Britons will pay £273 on energy bills before they even use any fuel, says Martin Lewis

Money Saving Expert's Martin Lewis speaks to the media after a joint press conference with Facebook at the Facebook headquarters in London.
Money Saving Expert's Martin Lewis warned households will need to pay £273 in standing charges before using any energy. (PA) (PA Wire/PA Images)

Households in the UK will have to pay a £273 annual bill on their electricity and gas supply before they've even used any energy, Martin Lewis has said.

The Money Saving Expert warned of the rise in his weekly newsletter, which will be another increase facing families alongside the 80% rise in the energy price cap announced last week.

He said: "The daily standing charges that you pay just for having a bill rose hugely in April, and increased a touch more this time.

"If you have both gas and electricity, the average price cap standing charge is £273/year before you use owt.

"I have continually pushed back with Ofgem to try and get this changed, but with little success."

Read more: Food prices rising at fastest rate since 2008 as inflation surges

What is a standing charge?

A standing charge is a fixed cost that you have to pay no matter how much energy you use, to cover costs which energy providers incur to supply the gas and electric.

Your unit rate – the price-per-unit of the gas and electricity you use – is then paid on top of the standing charge.

Under the latest price cap increase, the daily standing charge for electricity has risen from 45.3p to 46.3p. The unit rate per kWh (kilowatt per hour) has then risen from 28.8p to 51.8p.

For gas, the daily standing charge was 27.2p, which has now increased to 28.4p. The unit rate per kWh was 7.4p, and has gone up to 14.8p.

Lewis has said these prices are dependent on the area where you live.

Read more: This is how much it will cost to use your household appliances under the new energy price cap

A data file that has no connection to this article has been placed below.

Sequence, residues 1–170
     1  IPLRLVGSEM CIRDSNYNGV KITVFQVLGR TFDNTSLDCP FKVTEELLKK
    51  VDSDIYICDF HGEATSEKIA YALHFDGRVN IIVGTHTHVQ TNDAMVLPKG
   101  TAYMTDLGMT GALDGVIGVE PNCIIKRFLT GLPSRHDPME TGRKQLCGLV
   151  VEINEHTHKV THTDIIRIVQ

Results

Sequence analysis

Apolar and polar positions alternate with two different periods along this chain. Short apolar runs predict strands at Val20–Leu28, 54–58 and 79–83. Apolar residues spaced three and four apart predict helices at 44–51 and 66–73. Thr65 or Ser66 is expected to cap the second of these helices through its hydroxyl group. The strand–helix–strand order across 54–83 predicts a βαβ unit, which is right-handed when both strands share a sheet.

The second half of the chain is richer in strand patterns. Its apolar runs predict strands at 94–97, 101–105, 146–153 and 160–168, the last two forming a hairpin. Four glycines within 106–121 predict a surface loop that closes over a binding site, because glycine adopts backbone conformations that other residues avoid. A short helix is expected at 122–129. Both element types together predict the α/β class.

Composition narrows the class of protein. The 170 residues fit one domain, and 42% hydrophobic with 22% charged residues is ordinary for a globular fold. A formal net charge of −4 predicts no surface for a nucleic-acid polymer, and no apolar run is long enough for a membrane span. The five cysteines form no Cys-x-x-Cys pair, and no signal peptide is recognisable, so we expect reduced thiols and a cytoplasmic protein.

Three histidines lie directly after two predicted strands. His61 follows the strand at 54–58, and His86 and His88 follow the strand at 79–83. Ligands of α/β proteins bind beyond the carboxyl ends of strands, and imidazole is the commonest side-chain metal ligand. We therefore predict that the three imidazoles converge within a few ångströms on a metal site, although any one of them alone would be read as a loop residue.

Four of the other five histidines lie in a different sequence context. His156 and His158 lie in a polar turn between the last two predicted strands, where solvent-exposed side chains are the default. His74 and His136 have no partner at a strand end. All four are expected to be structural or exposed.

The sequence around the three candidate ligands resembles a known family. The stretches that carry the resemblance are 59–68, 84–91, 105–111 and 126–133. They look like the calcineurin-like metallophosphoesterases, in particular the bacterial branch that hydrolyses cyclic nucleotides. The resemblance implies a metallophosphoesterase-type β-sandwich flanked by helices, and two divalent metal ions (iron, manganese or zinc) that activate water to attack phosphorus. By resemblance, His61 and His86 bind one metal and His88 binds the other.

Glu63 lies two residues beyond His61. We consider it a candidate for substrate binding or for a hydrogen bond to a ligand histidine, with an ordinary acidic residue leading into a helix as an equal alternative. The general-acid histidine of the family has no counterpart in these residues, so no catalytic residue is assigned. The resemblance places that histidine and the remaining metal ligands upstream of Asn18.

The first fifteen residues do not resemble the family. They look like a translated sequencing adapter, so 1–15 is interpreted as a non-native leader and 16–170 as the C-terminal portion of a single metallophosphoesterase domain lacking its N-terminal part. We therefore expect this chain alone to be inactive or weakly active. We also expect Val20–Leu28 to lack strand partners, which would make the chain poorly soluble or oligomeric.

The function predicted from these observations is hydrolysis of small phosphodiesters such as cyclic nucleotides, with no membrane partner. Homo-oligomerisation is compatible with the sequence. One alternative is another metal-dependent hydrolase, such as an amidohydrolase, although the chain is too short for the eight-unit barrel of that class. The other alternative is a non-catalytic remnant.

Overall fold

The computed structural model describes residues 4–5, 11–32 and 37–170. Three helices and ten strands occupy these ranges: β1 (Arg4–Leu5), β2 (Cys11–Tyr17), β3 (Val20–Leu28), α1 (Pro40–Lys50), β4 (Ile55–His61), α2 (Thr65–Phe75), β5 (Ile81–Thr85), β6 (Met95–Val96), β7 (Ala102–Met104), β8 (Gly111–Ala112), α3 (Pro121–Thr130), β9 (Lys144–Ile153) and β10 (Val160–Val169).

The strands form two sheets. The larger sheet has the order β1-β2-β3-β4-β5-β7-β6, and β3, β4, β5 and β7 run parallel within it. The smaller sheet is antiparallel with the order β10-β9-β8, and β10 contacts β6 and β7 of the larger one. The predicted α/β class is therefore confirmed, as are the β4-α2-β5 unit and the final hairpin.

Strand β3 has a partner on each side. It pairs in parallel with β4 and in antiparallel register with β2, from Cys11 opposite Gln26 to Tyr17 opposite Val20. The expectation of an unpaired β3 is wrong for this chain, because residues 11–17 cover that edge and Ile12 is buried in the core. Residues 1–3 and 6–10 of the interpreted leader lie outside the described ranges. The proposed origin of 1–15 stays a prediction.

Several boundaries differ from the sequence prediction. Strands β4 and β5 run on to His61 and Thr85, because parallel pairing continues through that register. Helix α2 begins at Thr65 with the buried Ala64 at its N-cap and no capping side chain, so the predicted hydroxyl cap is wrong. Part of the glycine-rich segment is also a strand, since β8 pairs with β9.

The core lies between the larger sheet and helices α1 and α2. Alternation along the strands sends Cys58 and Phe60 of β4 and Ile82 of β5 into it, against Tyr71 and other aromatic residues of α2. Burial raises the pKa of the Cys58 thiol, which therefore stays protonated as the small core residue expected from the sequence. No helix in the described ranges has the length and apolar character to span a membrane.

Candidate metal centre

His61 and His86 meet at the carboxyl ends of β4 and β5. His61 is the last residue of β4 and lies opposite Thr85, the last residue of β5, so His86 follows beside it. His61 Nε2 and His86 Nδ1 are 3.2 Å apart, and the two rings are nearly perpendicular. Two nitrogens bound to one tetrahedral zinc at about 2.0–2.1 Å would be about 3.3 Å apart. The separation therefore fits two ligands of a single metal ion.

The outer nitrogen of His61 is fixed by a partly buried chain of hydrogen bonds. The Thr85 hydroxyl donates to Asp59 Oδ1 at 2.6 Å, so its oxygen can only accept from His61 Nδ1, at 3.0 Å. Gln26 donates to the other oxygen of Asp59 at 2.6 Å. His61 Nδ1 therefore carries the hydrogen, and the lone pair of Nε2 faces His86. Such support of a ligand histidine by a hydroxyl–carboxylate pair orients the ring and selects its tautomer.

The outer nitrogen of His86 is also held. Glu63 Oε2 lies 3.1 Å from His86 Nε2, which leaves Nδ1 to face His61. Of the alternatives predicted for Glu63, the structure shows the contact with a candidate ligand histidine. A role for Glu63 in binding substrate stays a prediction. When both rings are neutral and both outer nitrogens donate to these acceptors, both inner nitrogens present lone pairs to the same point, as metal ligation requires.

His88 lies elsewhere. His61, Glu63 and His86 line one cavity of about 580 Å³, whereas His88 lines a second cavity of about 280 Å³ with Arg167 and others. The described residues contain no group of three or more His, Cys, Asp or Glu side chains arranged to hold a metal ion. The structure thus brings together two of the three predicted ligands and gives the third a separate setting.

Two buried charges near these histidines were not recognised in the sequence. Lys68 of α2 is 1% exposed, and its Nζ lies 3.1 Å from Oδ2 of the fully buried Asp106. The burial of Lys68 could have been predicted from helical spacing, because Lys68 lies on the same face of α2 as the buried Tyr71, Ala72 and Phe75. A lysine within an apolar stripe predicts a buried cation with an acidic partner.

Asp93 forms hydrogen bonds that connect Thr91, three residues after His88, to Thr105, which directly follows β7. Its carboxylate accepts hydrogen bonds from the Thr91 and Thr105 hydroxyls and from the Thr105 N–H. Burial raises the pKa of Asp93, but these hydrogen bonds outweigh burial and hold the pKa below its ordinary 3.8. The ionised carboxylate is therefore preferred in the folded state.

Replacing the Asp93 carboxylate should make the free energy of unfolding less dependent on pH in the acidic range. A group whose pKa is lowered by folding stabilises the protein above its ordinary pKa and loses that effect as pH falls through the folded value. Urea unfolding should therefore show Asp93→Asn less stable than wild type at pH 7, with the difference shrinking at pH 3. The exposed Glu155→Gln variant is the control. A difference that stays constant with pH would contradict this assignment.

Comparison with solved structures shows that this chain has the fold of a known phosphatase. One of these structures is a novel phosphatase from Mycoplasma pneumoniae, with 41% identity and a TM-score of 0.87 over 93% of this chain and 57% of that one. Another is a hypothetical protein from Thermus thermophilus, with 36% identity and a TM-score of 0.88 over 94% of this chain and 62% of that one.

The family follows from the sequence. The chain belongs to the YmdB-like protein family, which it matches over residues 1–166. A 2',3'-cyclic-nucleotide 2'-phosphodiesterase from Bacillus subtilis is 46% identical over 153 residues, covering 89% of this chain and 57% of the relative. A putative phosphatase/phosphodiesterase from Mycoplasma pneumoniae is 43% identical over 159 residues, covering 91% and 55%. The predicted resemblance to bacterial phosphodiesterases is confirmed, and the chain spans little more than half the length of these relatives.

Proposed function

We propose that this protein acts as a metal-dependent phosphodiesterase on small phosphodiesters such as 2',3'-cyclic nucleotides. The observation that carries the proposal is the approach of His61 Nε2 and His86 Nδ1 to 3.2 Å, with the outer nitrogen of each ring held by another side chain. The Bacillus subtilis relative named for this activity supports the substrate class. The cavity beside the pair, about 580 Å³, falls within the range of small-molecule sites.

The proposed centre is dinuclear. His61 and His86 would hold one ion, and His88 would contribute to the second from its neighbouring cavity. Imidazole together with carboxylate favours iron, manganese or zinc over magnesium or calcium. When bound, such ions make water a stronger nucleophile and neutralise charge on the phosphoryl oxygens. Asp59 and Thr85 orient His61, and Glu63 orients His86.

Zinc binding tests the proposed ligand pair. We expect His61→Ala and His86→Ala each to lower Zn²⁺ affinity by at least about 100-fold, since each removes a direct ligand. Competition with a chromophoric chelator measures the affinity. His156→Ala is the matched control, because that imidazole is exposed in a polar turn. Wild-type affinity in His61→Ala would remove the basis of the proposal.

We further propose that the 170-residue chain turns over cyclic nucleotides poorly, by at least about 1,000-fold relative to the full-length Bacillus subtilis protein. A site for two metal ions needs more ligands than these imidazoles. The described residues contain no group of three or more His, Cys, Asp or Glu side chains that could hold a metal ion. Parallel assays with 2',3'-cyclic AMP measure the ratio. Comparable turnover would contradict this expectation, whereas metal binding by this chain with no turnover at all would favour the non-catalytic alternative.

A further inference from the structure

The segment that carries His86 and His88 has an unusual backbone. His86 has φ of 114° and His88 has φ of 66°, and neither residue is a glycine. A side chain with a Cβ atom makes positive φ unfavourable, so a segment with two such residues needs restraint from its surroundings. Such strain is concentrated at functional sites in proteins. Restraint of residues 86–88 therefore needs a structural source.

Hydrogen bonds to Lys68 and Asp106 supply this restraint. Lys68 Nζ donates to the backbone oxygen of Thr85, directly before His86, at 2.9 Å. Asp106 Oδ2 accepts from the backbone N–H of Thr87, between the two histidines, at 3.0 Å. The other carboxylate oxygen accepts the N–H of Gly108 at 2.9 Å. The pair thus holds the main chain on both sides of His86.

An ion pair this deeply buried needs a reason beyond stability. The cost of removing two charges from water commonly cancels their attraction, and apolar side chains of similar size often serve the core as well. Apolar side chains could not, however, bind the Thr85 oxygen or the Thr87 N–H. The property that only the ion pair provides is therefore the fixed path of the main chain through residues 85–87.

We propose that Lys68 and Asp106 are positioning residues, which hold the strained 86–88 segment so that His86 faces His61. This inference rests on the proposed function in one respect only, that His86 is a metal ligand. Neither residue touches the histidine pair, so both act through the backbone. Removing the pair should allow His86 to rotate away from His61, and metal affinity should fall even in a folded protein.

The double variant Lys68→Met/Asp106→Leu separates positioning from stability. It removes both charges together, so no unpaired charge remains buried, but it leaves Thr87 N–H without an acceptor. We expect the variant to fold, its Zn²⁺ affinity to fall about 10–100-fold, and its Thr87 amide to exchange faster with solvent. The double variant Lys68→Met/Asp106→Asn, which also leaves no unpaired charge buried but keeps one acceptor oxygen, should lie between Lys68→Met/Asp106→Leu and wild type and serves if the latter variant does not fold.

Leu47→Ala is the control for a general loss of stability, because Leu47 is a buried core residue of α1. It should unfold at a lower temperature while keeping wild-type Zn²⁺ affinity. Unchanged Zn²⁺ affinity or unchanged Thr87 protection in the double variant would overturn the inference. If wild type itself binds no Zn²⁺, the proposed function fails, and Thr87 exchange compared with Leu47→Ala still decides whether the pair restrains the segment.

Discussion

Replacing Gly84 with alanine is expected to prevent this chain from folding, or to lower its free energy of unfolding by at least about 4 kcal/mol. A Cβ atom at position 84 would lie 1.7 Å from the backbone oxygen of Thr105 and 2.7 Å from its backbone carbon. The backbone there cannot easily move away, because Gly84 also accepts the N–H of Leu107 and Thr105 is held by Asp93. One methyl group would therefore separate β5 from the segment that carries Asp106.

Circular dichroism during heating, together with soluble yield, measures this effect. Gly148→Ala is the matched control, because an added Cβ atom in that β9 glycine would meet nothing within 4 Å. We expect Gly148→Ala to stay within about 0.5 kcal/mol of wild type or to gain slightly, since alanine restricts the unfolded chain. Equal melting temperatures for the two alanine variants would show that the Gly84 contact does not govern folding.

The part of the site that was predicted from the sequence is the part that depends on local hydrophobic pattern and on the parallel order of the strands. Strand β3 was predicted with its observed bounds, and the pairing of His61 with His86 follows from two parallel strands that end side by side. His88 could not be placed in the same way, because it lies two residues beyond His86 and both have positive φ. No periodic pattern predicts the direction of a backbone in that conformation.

EMBARGOED TO 0001 MONDAY AUGUST 29 PICTURE POSED BY MODEL File photo dated 08/01/22 of a person holding an energy bill, as small businesses were owed almost �23,000 in late payments for a month, according to new data, adding to the sky-rocketing energy bills that are piling pressure on concerned business owners.
Bills are on the rise for families across the UK . (PA) (PA)

Watch: Martin Lewis brands energy price rise as 'irresponsible'

The financial expert last week offered a stark warning amid the cost of living crisis, warning of disastrous consequences if the government doesn't step in.

He told Good Morning Britain: “I’m not going to get too hung up into what the specific solutions are at the moment, because actually this isn’t about the mechanics, this is about the will.

“I hope and I pray whomever our new prime minister is, they have the will to do something.

"Because, if they don’t, people will die this winter due to these energy price hikes.”

Read more: UK energy price cap to rise 80% to £3,549 this October

(Yahoo News UK)
(Yahoo News UK)

Last week, regulator Ofgem confirmed an 80% rise in the energy price cap for around 24 million households in England, Scotland and Wales, sending the average household’s yearly bill from £1,971 to £3,549.

At the start of the year, the average bill was £1,277.

The cap will come into effect on October 1, but Ofgem has warned some suppliers could start to increase direct debits before then to spread costs.

It will remain in place until December 31, when it will be adjusted again, with forecasts suggesting bills could surge again to around £5,400 in January and around £7,000 in April.

With the price cap expected to rise even higher come January – amid record increases in global gas prices – there have been widespread calls for the incoming prime minister, Liz Truss or Rishi Sunak, to implement new support packages to help households facing a desperate struggle this winter.

The new prices are already having an impact, with debt help charity StepChange reporting a growing number of people falling into energy arrears.

StepChange said one in five (20%) clients who completed full debt advice in July said the cost of living was their primary reason for contacting StepChange, up from 18% in June.

It also said that the proportion of new clients in gas arrears rose from 23% in June to 26% in July, while the proportion of those in electricity arrears was up from 28% in June to 30% in July.